MRegen’s Breakthrough Technology for Rapid ACL Recovery

Recovering from knee surgery can be slow and painful but researchers may have found a way to speed it up. Scientists in Singapore have invented a medical device to reduce recuperation time by using a magnetic field to stimulate muscle recovery.

Typically, it can take four months to heal from anterior cruciate ligament (ACL) surgery but the National University of Singapore’s (NUS) new invention can reduce that time by a month. Aptly named MRegen, it creates a magnetic field to “trick” muscle cells into thinking they are being exercised. This encourages regeneration and increases the rate of recovery.

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“The device is especially useful in reducing muscle degradation in periods where physical activity is not possible,” Professor Franco-Obergón, team leader at NUS’ Biomedical Institute for Global Health Research and Technology.

The procedure is non-invasive and painless, providing a magnetic field that recreates the same regenerative, energetic and metabolic body responses as physical exercise. Two clinical trials conducted, the first in 2015 and second in 2017, yielded positive results.

The first sample consisted of ten healthy individuals that received the treatment once a week for five weeks. These patients showed an average of 30 to 40 percent improvement in muscle strength in both legs.

The second sample contained 20 individuals who had undergone ACL surgery. Half were offered a regular rehabilitation program while the remaining patients were provided with the MRegen treatment combined with the regular program. Those in the regular group recovered in 16 weeks while those in the MRegen group recovered in 12 weeks.

Additionally, MRI measurements showed that muscle metabolism improved by 50 percent. Muscle metabolism is one of the strongest signs of muscle health and restoration. These results show that MRegen offers a promising possibility for medical treatment.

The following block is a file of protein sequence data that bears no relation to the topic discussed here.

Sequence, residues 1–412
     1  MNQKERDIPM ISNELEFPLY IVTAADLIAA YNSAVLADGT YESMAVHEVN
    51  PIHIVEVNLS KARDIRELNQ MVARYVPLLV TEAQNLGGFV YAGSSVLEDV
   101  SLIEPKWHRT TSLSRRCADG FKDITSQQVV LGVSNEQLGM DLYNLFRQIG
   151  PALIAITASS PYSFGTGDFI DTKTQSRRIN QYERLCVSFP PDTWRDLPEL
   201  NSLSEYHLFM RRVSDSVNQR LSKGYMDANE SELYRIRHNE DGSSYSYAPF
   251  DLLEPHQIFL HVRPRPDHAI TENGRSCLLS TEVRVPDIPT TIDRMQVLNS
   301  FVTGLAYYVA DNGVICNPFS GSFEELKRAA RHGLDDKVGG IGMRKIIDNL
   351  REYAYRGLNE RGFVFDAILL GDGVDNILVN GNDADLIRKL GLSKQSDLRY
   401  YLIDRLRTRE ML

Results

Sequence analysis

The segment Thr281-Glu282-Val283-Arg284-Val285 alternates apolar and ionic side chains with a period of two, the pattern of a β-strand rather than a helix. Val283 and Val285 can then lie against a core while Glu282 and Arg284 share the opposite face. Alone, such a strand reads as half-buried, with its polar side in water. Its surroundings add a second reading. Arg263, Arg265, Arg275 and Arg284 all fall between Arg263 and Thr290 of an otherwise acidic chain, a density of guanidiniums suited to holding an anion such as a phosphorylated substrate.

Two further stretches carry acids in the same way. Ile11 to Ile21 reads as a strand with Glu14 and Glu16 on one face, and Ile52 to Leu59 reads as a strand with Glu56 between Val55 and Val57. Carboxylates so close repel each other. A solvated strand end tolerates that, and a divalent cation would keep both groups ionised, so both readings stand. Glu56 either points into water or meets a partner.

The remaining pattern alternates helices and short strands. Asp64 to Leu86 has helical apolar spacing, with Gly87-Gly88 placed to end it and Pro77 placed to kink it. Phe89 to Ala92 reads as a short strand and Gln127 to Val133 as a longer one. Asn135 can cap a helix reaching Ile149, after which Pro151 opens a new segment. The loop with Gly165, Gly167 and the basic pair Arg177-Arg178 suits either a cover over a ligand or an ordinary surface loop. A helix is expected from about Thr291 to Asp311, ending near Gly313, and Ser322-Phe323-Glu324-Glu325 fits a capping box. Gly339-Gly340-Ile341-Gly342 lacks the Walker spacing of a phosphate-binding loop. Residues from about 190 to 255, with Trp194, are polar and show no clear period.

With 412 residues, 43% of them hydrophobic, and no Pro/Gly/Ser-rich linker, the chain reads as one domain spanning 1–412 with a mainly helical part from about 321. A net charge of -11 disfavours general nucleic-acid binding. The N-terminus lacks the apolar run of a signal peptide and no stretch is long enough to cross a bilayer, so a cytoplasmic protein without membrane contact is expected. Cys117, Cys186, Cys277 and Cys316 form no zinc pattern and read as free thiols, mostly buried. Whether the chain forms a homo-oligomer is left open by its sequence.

Prof Franco-Obergón describes the device as nothing short of a “breakthrough” with applications that extend beyond post-op recovery. As the researcher explains, the magnetic field activates mitochondria, who work to create the energy currency of the cell called ATP. From this process, myokines are produced which are powerhouses for positive effects throughout the body.

“One of the very profound and surprising efforts, was that the myokine effect is stronger than we ever realized. Just stimulating one leg secretes myokines that get transported to the whole system,” Franco-Obergón shared in an interview. Myokine secretions are responsible for reducing blood pressure and glucose levels and even have strong anti-cancer properties.

In May 2018, the NUS research team filed a patent for the technology and has since launched a private company, QuantumTX, to market MRegen to the world. Franco-Obergón sees great potential for MRegen, including helping people with physical rehabilitation; reducing muscle loss in the elderly; and maintaining muscle mass for athletes in their off-season.